OR Show – Day 1

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This post by WildSnow.com blogger  

Ok, my “day one” anyway. The Outdoor Retailer tradeshow here in Salt Lake City actually started with an outdoor demo a few days ago while I was still doing my European traveling. After a nicely non-eventful plane flight (mainly, the Linzertorte from Huberta made it through without being confiscated by any hungry customs officers), I landed in the evening here in Salt Lake City, got a good night’s sleep at follow blogger Andrew McLean’s house (thanks Andrew and Polly), and dragged my somewhat jet lagged posterior down to the convention center yesterday morning to start checking out the goods. Here we go:

Backcountry Skiing

First stop, Mystery Ranch backpacks. They've got a new rig for slackcountry riding called the Saddle Peak. This low profile pack has a really nice diagonal ski carry system, adjustable backboard, etc. Perhaps we should start calling these things tweener packs, in between backcountry and frontcountry? They're sure to become popular as resorts keep adding inbounds wild snow.

Speaking of packs, another stop was at Granite Gear. They’re one of my favorite pack makers as their stuff is always innovative and minimalist. But they’re not a huge company so I was wondering how they’d be doing during our little economic event. Turns out they got a military contract for 45,000 packs over five years. Job security. Congratulations.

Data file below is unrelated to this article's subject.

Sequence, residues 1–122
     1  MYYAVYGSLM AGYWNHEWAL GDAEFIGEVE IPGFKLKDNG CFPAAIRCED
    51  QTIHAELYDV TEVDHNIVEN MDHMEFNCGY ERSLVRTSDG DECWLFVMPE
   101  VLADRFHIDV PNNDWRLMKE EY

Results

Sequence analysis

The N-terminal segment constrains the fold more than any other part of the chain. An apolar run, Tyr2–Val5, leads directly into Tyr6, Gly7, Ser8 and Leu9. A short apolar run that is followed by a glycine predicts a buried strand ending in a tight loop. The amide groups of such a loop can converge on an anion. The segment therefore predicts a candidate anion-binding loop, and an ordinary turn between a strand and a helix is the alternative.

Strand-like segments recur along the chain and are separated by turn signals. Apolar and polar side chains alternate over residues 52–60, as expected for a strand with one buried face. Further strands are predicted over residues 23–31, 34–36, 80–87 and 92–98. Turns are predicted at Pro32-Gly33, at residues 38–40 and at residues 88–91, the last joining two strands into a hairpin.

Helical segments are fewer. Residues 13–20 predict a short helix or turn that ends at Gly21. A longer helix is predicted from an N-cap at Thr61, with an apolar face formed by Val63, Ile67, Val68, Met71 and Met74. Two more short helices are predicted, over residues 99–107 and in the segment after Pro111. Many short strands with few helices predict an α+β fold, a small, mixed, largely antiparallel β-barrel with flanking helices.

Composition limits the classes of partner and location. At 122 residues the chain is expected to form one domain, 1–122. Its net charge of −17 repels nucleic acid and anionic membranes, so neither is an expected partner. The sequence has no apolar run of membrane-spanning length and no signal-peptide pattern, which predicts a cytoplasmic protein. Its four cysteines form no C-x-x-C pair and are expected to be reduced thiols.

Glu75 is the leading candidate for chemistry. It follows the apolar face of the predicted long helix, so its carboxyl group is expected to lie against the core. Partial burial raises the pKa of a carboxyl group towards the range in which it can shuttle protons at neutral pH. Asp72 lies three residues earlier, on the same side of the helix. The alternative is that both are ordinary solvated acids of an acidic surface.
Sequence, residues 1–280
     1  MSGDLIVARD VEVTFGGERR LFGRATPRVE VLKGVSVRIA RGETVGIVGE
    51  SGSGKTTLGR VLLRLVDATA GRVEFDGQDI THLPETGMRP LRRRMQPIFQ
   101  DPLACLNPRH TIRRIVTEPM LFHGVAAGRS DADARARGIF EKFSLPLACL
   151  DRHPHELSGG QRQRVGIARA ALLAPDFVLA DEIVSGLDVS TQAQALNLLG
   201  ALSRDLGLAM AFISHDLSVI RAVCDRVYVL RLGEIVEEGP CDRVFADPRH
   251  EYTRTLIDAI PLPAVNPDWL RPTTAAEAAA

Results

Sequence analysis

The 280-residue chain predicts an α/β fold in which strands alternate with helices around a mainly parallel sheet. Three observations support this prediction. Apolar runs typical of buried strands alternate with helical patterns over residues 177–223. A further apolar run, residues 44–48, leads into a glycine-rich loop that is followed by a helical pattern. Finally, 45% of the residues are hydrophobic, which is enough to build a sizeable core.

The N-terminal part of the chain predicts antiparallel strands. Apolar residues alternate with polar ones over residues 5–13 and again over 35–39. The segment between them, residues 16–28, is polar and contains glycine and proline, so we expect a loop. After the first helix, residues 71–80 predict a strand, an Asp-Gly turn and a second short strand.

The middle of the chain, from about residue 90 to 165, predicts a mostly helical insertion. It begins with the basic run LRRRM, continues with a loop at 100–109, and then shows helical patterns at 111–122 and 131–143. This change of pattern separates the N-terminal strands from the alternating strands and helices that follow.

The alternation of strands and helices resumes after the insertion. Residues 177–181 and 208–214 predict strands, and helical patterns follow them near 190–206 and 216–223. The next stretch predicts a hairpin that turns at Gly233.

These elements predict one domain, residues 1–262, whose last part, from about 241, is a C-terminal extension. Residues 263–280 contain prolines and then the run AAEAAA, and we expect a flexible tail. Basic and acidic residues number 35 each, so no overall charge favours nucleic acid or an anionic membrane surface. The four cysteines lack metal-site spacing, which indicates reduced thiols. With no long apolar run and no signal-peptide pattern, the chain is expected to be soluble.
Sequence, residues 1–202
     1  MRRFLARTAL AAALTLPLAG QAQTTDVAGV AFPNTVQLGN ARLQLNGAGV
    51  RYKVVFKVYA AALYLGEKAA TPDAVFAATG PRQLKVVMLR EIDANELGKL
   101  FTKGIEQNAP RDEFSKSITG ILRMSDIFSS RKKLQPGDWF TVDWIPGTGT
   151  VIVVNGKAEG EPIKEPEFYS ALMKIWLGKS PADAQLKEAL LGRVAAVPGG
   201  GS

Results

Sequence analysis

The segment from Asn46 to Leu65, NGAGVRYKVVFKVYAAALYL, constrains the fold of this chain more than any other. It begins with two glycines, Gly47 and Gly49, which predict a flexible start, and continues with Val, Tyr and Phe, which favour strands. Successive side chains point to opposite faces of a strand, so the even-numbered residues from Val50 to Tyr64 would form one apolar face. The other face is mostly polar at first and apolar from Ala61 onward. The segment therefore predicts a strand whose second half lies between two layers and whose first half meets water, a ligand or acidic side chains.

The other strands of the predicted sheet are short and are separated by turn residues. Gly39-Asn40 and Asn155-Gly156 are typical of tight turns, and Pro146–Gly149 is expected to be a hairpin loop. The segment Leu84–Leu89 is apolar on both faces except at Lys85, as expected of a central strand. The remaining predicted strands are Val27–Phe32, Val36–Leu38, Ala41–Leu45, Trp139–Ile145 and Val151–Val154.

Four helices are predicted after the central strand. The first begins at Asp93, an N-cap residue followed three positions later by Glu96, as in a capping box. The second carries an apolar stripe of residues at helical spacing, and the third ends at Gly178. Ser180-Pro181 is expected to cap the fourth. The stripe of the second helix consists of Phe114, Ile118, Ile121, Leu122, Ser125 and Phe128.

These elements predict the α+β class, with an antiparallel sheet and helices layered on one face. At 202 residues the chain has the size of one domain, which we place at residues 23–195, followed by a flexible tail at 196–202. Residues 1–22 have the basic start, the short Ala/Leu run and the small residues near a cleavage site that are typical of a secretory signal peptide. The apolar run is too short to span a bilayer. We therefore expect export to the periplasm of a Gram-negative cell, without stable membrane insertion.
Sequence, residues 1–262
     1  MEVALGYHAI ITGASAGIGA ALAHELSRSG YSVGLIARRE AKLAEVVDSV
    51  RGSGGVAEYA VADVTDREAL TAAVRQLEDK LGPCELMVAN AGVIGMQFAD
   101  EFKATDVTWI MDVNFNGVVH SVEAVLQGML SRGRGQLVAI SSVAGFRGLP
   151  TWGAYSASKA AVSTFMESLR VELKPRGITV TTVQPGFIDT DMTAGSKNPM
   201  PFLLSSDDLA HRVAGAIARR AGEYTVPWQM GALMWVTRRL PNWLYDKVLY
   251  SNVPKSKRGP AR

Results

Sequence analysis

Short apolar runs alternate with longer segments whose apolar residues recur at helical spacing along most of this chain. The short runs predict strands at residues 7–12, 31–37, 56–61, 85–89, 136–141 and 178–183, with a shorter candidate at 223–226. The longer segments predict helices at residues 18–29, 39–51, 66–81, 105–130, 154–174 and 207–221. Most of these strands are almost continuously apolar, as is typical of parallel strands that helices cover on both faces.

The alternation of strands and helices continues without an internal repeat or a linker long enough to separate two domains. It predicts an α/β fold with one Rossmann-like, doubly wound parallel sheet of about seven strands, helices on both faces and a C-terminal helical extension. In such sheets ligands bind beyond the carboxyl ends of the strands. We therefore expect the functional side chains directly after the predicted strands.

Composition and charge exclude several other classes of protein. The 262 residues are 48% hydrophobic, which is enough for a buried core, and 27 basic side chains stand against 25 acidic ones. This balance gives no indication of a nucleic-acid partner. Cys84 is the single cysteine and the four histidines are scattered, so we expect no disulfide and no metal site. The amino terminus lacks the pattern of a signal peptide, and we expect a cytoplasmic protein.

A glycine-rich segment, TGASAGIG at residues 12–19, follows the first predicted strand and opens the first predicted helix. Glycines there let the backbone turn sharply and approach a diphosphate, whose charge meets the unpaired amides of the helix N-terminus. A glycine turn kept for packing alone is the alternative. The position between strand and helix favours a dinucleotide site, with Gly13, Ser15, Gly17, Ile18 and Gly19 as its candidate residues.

Backcountry Skiing

Over at Arcteryx I couldn't face going through their endless variety of soft shells (which are quite nice of course). Instead, I asked what they had in all-purpose backcountry ski pants. Their new Fury AR has optional suspenders, nice big thigh pockets, vent zips, and is made with a Windstopper soft fabric. They look like another terrific and versatile pant similar to the OR Tremor that I've been liking for two seasons now.

Backcountry Skiing

Garmont has three new Tech (Dynafit) compatible boots in their Ski Mountaineering line. Deamon men's and Sugar women's are 3 buckle boots price pointed at the $650 range, Luster women's is a high performance four buckle in the Radium price range. All look great, continuing the stunning craftsmanship that Garmont presented last year when the Radium debuted. (All are overlap construction, full Ski Mountaineering line pictured above).

Backcountry Skiing

Then the big stopover to touch the new Onyx binding from G3, and have a lengthy conversation with co-developer Rob Moore. Above photos show F1/F3 shim on upper binding (requires no new screws in ski), lower binding has a nicely functioning brake. Notes below.

To assist you loyal readers, I was most interested in how the G3 Onyx brake and crampon worked, as these are not included in G3′s excellent online information. The brake is cool. It’s super easy to install and remove. No matter what mode you’re in it remains deployed till you step into the binding. If in touring mode, a catch grabs the brake and holds it out of the way once you step on it. In downhill mode it’s held down by your boot same as any other ski brake. Beauty of this is when you’re fiddling around with binding entry the brake can always remain deployed, thus eliminating the sliding ski syndrome. Crampon attaches to two studs on the toe unit, very simple, as does the Scarpa F1/F3 shim.

Also regarding Onyx, the G3 online video includes some cryptic statements about how the binding automatically de-ices. Turns out that means that when the toe jaws open and close a mechanical part moves back and forth underneath, in the pocket area that can sometimes fill with ice and keep Tech style bindings from closing properly. Users will still have to deal with ice in the boot toe and heel fittings the same ways we always have with Dynafits.